No one will ever be able to prove that the Bailout Bill helped or hurt our economy during the coming fall and winter. Only two things are certain: the bill will provide hundreds of billions of dollars to investors who made bad decisions and Wall Street executives; and our children and grandchildren will now face a national debt that is hundreds of billions of dollars higher.

For another interesting tidbit on how we got into this mess, check out this post at The Big Picture. Extract:

On that bright spring afternoon, the five members of the Securities and Exchange Commission met in a basement hearing room to consider an urgent plea by the big investment banks.

They wanted an exemption for their brokerage units from an old regulation that limited the amount of debt they could take on. The exemption would unshackle billions of dollars held in reserve as a cushion against losses on their investments. Those funds could then flow up to the parent company, enabling it to invest in the fast-growing but opaque world of mortgage-backed securities; credit derivatives, a form of insurance for bond holders; and other exotic instruments.

Guess who was the CEO of Goldman Sachs, one of the five banks making this request: Henry Paulson. I think that makes him particularly unqualified to repair the damage.

Update (Oct. 5)

Barry Ritholtz provides a succinct explanation of the financial crisis, then analyzes Fannie Mae’s (and Freddie Mac’s) role in the mess. Excellent reading.

October 1, 2008

There’s Still Plenty of Hypocrisy

Filed under: Uncategorized — BrianB @ 4:10 am
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(This was written on Sept. 23 but somehow did not get published then.)

Even though we should all be busy wondering how things will go now that the clever financiers, their lobbyists, and the lax regulation overseen by ex-financial-company-CEO’s have brought the economy to a manufactured disaster, there is still plenty of hypocrisy to make fun of.

First a note on the bonuses paid to the people asking for the big bail-out. From ABC News:

In 2007, Wall Street’s five biggest firms — Bear Stearns, Goldman Sachs, Lehman Brothers, Merrill Lynch, and Morgan Stanley — paid a record $39 billion in bonuses to themselves.

That’s $10 billion more than the $29 billion loan taxpayers are making to J.P. Morgan to save Bear Stearns.

Those 2007 bonuses were paid even though the shareholders in those firms last year collectively lost about $74 billion in stock declines — their worst year since 2002.

As MojoBlog (how I discovered the story) points out, the bonuses paid by these five firms averaged $201,500 per employee. Can there be any question about whether the bail-out plan should limit the salaries and bonuses paid to these financiers?

Now to the naked hypocrisy. First we have Rush Limbaugh in an op-ed piece in the Wall Street Journal complaining that out-of-context quotes make him look like a racist bigot, so he provides the full paragraphs from these quotes to supposedly prove that he is not. Again, from MojoBlog.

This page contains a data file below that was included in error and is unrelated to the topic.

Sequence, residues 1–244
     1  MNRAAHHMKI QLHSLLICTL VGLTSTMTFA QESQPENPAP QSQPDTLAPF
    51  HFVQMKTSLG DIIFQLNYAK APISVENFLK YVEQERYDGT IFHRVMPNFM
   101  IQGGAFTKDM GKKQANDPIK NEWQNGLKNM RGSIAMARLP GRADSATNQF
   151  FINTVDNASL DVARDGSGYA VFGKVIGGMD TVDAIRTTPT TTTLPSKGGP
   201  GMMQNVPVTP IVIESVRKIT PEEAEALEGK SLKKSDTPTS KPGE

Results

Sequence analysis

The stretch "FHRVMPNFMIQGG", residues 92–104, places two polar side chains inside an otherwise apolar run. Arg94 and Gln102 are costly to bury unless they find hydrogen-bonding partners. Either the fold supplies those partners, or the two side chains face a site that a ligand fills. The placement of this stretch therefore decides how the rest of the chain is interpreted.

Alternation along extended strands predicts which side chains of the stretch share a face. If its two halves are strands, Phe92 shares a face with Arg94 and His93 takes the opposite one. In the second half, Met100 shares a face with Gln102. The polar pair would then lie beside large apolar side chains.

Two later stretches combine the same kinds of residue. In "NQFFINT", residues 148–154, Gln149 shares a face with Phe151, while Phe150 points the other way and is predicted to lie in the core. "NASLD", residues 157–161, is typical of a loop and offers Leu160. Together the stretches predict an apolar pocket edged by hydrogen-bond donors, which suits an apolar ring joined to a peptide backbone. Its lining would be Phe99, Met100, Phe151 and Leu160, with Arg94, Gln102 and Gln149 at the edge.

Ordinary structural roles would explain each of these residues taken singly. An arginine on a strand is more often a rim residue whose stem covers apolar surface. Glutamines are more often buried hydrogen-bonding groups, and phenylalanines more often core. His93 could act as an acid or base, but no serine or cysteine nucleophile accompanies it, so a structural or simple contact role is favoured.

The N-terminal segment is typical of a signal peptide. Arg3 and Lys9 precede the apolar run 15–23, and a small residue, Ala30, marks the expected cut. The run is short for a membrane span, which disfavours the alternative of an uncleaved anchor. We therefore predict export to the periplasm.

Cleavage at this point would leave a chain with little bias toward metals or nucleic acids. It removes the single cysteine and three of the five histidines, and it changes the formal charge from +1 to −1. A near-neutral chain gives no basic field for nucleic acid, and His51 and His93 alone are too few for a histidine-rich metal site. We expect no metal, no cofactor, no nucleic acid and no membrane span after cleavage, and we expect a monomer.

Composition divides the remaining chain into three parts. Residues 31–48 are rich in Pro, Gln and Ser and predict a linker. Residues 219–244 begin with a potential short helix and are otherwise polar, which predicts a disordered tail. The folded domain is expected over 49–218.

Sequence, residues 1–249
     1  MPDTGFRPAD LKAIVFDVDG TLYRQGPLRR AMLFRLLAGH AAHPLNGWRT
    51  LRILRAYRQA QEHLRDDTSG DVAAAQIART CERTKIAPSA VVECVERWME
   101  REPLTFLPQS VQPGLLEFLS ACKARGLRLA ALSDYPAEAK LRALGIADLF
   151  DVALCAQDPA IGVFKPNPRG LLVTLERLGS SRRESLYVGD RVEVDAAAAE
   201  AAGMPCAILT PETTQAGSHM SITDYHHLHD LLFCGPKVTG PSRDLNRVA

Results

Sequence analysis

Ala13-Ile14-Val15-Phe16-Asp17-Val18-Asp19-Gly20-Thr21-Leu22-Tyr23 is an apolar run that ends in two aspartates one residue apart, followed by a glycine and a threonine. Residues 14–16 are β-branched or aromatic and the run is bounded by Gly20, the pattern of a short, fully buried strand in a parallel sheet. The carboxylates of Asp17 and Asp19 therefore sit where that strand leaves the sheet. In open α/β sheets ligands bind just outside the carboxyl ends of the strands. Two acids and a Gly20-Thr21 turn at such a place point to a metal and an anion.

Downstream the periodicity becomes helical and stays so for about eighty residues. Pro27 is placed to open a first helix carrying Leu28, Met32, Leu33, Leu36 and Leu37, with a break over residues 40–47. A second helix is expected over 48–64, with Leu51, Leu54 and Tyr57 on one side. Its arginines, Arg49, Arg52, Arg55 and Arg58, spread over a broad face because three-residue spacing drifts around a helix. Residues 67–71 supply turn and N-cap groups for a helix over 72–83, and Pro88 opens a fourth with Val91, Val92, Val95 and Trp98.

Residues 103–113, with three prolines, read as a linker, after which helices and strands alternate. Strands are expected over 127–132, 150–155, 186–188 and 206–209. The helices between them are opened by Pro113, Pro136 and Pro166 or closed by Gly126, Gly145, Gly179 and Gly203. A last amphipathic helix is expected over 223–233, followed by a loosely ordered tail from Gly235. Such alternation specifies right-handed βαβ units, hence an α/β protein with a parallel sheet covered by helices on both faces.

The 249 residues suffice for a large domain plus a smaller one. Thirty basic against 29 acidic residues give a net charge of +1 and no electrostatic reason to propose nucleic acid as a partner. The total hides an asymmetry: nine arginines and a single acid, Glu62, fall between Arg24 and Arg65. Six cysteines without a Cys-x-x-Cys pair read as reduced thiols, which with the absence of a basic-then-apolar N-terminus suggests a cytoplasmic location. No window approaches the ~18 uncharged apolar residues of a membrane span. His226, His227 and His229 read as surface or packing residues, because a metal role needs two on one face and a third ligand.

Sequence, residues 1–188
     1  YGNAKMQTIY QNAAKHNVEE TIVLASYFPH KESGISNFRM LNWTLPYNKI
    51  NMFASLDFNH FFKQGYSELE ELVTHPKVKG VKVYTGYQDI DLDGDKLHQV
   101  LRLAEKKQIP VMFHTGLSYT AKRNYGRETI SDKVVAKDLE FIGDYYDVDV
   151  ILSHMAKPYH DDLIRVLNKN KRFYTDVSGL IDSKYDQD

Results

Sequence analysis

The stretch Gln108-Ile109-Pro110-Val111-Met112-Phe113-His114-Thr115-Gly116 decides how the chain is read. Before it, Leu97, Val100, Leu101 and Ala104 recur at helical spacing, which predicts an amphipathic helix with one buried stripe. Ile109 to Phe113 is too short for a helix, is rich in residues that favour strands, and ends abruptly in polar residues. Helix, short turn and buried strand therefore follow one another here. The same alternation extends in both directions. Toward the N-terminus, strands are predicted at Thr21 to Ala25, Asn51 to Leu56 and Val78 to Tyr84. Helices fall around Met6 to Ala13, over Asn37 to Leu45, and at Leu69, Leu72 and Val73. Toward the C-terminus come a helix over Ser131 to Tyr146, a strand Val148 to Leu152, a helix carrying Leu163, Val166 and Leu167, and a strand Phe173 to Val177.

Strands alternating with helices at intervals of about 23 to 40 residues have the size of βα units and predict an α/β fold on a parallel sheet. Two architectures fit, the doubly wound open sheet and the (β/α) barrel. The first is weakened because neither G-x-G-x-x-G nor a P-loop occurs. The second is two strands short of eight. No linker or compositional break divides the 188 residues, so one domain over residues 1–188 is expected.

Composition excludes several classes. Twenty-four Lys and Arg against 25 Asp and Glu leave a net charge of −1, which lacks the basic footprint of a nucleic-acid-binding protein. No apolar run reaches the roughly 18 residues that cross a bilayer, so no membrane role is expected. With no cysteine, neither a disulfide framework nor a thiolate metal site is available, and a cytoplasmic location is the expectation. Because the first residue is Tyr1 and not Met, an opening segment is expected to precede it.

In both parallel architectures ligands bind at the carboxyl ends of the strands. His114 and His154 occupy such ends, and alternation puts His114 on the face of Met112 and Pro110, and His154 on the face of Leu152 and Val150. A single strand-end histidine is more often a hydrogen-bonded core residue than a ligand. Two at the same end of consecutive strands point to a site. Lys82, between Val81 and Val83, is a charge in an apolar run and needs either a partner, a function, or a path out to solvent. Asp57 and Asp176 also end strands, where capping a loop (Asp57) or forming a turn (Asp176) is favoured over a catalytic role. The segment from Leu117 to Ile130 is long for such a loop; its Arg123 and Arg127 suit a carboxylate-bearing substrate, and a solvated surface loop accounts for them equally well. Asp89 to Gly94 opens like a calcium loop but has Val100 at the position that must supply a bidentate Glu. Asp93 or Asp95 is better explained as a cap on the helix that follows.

Supposedly out-of-context quote:

“…stupid and unskilled Mexicans.”

Supposedly exculpatory context:

“If you are unskilled and uneducated, your job is going south. Skilled workers, educated people are going to do fine ’cause those are the kinds of jobs Nafta is going to create. If we are going to start rewarding no skills and stupid people, I’m serious, let the unskilled jobs that take absolutely no knowledge whatsoever to do — let stupid and unskilled Mexicans do that work.”

Second supposedly out-of-context quote:

“You shut your mouth or you get out!”

Supposedly exculpatory context:

“And another thing: You don’t have the right to protest. You’re allowed no demonstrations, no foreign flag waving, no political organizing, no bad-mouthing our president or his policies. You’re a foreigner: shut your mouth or get out! And if you come here illegally, you’re going to jail.”

Yeah, Rush, that really proved something.

In the looking stupid while trying to prove how smart I am department, we have Sarah Palin claiming that, once elected, she and McCain are “going to do a few new things also. For instance, as Alaska’s governor, I put the government’s checkbook online so that people can see where their money’s going. We’ll bring that kind of transparency, that responsibility, and accountability back.”

That’s a great idea! In fact, it’s such a good idea that Senators Barack Obama and Tom Coburn created the Federal Funding Accountability and Transparency Act to do exactly that in 2006 and 2007. You can see it at No other candidate can match your spending transparency kung-fu, Gov. Palin!

Maybe I should just link my whole blog to MojoBlog. Here is a telling sequence of quotes from MojoBlog regarding McCain campaign manager Rick Davis.

John McCain, yesterday [Sep. 21] on CNBC:

My campaign manager has stopped [lobbying for Fannie Mae], has had nothing to do with it since, and I’ll be glad to have his record examined by anybody who wants to look at it.

The New York Times, today [Sep. 22]:

Senator John McCain’s campaign manager was paid more than $30,000 a month for five years as president of an advocacy group set up by the mortgage giants Fannie Mae and Freddie Mac to defend them against stricter regulations, current and former officials say.

The McCain campaign, today, in response to the Times:

“Whatever the New York Times once was, it is today not by any standard a journalistic organization…. [it is] an organization completely, totally 150-percent in the tank for the Democratic candidate.”